A new study offers tips that might make you more alert on the job and help you sleep better when you're off.
Researchers at Rush University Medical Center found that participants who worked a simulated night shift and who were exposed during the wee hours to bright lights for five 15-minute periods became more alert, not immediately but later.
But it wasn't just the lights that helped them, says Charmane Eastman, PhD, one of the researchers.
People in the "experimental" group -- those exposed to the bright lights -- also were given dark sunglasses to wear on their way home and went straight to bed at 8:30 a.m.
Those in the experimental group slept in dark bedrooms between 8:30 a.m. and 3:30 p.m. after the first two night shifts, 8:30 a.m. to 1:30 p.m. after the third night shift, and from 3 a.m. to noon on two weekend days off.
People in a control group who also worked simulated night shifts weren't exposed to bright lights, were given dim but not dark sunglasses, and were allowed unrestricted sleep and all the exposure they wanted to outdoor light.
All 24 participants worked from 11 p.m. to 7 a.m. with two days off.
Eastman and colleague Mark Smith, a postdoctoral fellow, conducted the study to try to make the participants' body clocks more normal. And they found the bright lights, the dark sunglasses, and enforced sleeping times helped the night workers become more alert and feel less abnormal.
The findings suggest that real shift workers could "set up light boxes where they work or in the break room" and eventually will feel better and sharper, Eastman tells WebMD.
"The sunglasses also are important," she says. "They cut out a lot of blue light, that light in the morning is what keeps real shift workers from adjusting. You go outside, that light tells your body clock it's morning. So the real night shift worker never adjusts. We're tricking the body clock to think night is day and day is night."
Those in the experimental group were told to go to bed at 3 a.m. on their days off, partially resetting their body clocks so that they could sleep and feel somewhat normal in the evening.
Night shift workers also should sleep in "very dark" rooms, even if they think they can get enough shut-eye with light filtering in through windows, she tells WebMD.
Those in the study's experimental group had black plastic placed over windows.
The researchers also measured chemicals in saliva to determine their success in "resetting the body clock" by taking the steps they did with those in the experimental group.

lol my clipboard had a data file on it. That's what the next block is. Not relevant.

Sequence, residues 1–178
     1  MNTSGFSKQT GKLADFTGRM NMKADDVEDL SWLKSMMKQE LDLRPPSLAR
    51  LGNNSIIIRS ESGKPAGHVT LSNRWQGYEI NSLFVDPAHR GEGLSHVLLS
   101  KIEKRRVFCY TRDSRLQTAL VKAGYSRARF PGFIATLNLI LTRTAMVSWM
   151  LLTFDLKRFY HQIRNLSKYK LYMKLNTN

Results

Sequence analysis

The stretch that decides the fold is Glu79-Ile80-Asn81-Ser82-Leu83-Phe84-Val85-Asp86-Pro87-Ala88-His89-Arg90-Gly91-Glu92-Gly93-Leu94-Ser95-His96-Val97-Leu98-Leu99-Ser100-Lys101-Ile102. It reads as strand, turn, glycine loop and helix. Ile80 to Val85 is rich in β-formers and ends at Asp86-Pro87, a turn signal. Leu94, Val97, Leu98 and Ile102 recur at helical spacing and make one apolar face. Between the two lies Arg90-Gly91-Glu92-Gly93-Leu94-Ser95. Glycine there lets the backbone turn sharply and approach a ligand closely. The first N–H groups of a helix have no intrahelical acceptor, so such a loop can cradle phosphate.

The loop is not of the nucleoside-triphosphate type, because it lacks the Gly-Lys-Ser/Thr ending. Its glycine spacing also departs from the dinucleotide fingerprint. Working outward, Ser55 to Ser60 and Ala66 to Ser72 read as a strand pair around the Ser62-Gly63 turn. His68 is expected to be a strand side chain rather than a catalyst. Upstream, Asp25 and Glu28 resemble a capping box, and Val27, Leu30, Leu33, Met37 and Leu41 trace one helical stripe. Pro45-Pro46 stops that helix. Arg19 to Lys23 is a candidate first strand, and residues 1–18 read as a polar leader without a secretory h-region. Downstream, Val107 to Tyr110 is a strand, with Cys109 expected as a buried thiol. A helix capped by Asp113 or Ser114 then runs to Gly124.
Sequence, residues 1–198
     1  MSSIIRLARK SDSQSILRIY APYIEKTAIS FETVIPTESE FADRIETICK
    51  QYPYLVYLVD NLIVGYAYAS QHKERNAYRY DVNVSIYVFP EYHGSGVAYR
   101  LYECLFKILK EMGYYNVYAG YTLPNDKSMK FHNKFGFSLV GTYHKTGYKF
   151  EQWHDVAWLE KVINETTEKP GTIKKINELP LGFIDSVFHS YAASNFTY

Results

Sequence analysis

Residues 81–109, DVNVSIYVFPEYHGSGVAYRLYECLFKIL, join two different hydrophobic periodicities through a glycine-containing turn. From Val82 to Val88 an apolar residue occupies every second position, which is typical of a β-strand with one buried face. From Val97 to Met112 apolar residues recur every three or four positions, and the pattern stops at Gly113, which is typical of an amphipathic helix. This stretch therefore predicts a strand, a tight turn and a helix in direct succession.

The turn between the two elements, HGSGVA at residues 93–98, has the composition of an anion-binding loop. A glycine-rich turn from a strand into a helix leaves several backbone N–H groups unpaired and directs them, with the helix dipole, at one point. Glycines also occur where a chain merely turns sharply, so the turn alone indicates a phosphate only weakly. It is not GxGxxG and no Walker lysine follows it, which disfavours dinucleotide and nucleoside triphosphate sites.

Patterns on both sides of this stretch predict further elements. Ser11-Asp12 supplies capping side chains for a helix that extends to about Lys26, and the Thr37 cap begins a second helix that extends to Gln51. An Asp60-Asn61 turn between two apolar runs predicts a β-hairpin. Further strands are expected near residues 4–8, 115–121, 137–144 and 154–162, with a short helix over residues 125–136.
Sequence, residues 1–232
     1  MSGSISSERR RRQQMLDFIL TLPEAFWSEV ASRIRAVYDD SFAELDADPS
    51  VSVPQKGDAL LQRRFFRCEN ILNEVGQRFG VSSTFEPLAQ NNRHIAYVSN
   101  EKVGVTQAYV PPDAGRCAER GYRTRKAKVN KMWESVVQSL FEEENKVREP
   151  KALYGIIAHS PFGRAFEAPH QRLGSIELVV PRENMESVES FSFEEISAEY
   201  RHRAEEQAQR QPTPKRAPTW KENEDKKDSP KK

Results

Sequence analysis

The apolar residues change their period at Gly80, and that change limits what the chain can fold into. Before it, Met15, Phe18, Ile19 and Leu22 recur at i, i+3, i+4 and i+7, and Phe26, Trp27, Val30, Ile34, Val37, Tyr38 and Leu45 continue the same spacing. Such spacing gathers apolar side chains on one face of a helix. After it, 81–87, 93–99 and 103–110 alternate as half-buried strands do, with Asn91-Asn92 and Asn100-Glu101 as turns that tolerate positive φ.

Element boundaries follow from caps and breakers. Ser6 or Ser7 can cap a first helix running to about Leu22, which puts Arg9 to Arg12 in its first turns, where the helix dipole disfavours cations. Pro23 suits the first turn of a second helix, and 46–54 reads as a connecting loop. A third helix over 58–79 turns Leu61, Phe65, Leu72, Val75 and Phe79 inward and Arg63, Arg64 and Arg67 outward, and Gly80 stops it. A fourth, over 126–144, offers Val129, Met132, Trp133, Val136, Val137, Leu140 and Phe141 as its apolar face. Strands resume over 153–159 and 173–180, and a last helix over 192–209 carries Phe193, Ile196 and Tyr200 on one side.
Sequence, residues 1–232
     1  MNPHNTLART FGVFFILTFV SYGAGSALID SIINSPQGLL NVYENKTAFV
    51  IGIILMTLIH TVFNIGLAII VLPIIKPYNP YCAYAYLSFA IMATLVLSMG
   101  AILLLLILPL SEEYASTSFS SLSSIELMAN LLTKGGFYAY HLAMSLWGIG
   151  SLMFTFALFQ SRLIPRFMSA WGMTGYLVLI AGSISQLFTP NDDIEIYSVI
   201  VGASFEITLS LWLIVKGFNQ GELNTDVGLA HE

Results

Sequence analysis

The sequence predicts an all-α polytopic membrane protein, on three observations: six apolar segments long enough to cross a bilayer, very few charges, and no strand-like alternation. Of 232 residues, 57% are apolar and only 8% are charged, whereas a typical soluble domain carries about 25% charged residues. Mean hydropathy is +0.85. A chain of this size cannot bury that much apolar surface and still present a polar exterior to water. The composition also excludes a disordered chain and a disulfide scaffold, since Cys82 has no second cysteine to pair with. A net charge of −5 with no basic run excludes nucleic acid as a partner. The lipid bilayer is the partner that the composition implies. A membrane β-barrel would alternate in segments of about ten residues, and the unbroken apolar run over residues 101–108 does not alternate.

"If you're on the night shift, unplug your phone, put signs on the door not to ring the bell, don't drink a lot of coffee at the end of the shift," she says. "Alcohol in general helps people fall asleep, but it wears off and makes them wake up. Waking up early is the biggest problem."
She says one important finding is that night shift workers (she and Smith defined night shift as 11 p.m. to 7 a.m., which many describe as the "graveyard" shift) should wake up late on their off days, but no earlier than noon.
The scientists conclude that the workers in the experimental group were able to improve performance on computerized tasks over time, while the control group was not.
The study, published in Sleep, says the light therapy, sunglasses, and strict sleep schedules helped night shift workers create a "compromise circadian phase position," which may result in increased performance and alertness during night shifts while still allowing adequate nighttime sleep on off days.
"The major finding of this study was that complete physiological adaptation to a night shift and day sleep schedule does not appear necessary in order to improve night shift alertness and lengthen daytime sleep," Smith says. "Instead, we found that partial physiological adaptation using scheduled exposure to liht and darkness is sufficient to bring night shift performance back to daytime levels."
By Bill Hendrick
Reviewed by Louise Chang
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